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About Coming East

I am a writer, wife, mother, and grandmother who thinks you're never too old until you're dead. My inspiration is Grandma Moses who became a successful artist in her late 70's. If I don't do something pretty soon, though, I'll have to find someone older for inspiration.
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26 Responses to Christmas Present Memories

  1. pattisj says:

    Love this story, Susan.

  2. Michael Snow says:

    I still have one of those Old Spice gift sets…just never use cologne. But my favorite memory is of the pedlal, IH tractor that my grandfatther gave to us once-upon-a-time. I still have it.

  3. lentomoderato says:

    You write the most beautiful narrative! It truly helps with putting one in the Christmas spirit of loving and (playfully) elbowing siblings. By any chance have you ever read Arleta Richardson? Your comfy and humorous style reminds me of her writing.

  4. notquiteold says:

    I think I got my tennis sweater the same year you did. I was so cool I almost took up tennis.

  5. Al says:

    Having met your brother and finding out what a nice guy he is, I’m really glad you didn’t kill him. I can’t imagine the self-restraint that must have taken.

  6. You sound like my daughter and my son. My daughter always puts so much thought into her gifts and well, you already know. I will have to give props to your brother for not only the seating arrangements, but waiting until you were in church…well played indeed. He is lucky to have you!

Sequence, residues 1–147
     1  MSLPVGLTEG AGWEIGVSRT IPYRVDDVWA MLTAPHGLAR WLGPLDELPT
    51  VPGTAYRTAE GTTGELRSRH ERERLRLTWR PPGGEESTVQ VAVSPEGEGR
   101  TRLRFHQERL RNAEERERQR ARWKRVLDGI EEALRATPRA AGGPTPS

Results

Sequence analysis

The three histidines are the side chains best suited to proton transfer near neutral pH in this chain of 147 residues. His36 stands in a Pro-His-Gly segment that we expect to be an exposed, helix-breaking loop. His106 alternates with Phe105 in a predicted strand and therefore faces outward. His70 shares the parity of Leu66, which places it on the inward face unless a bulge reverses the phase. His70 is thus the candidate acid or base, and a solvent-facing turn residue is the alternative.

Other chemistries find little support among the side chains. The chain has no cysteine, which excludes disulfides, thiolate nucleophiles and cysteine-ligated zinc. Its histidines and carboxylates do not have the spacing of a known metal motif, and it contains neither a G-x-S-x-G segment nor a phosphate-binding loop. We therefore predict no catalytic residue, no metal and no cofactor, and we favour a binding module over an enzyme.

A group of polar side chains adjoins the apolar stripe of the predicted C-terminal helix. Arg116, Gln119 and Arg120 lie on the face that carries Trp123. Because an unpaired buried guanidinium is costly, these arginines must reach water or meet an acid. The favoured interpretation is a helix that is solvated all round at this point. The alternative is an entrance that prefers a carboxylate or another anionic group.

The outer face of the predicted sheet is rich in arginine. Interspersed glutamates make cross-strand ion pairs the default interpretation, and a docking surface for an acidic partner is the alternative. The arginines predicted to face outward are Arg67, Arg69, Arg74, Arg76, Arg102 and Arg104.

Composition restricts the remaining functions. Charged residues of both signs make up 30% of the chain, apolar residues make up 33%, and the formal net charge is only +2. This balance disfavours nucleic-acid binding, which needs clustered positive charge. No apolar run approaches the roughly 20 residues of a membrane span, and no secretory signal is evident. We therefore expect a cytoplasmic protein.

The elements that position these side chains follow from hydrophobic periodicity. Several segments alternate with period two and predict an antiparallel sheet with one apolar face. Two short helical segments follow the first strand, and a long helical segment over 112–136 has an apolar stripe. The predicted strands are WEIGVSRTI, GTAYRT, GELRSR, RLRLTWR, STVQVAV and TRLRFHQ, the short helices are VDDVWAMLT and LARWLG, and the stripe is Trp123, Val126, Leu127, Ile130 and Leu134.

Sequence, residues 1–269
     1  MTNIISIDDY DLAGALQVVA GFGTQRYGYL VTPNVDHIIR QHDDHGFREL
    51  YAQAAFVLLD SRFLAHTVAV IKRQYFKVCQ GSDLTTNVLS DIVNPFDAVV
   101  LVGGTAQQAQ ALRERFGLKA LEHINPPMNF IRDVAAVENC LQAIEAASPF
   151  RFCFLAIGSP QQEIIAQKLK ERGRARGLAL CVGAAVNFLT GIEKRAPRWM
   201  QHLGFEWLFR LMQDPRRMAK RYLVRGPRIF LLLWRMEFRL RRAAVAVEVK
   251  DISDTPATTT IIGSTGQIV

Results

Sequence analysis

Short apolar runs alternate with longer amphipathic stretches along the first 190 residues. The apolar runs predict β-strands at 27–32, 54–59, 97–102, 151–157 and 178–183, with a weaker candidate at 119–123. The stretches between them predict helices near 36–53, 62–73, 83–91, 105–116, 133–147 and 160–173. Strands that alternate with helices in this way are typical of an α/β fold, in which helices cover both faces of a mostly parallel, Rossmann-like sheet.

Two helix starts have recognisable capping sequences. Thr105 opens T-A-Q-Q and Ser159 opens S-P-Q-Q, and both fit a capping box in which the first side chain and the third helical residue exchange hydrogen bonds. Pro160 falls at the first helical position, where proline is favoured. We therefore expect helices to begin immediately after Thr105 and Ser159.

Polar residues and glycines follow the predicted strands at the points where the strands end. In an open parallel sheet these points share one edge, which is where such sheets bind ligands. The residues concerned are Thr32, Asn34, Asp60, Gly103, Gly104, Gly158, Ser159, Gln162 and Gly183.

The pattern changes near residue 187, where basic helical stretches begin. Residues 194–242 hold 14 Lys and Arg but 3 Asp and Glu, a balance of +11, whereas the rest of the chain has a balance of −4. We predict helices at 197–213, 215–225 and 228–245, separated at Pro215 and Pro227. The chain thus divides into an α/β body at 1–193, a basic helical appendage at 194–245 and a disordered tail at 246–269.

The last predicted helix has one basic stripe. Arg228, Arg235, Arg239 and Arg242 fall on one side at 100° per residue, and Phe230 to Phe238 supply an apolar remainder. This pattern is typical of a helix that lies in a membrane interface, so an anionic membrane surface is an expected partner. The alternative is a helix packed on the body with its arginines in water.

• Coming East says:

      Yes, wasn’t waiting until we were in church to tell me the news very clever of him, Life? He’s really a good brother, though, as far as brothers go. I’m lucky to have him.

  7. great story! what would we do without old spice? daf

  8. I would like to see a picture of that pig. You should have known better than to ask a brother for help like that. Christmas shopping just doesn’t have the same importance to men. (I have 3 brother, 2 sons, 2 sons-in-laws, a husband. Some things are universal. At least my experience tells me so. That said, laughter really is the best medicine.

  9. winsomebella says:

    I am laughing at your comment saying you substituted with the Alspice gift set 🙂

  10. Margie says:

    Your story about the sweater reminded me of the year that navy blue ski jackets were all the rage in not just my High School, but the whole city. I’ve always wondered how these fashion trends got started back in the days before teenagers had cars or cell phones or internet.

  11. Dianna says:

    What a story. I’m sure you were devastated at the time, but you’ve probably chuckled about it many times since then!

    • Coming East says:

      Yes, Dianna, I started to cry in church. My dad took me to an all-night drug store so I could at least have something under the tree for my honey. All we could find was an Old Spice gift set, so I bought him that. We were laughing about it by Christmas morning. It’s impossible to stay mad at my brother. He really is a sweetie.

  12. Mark says:

    Apparently I’m still in trouble.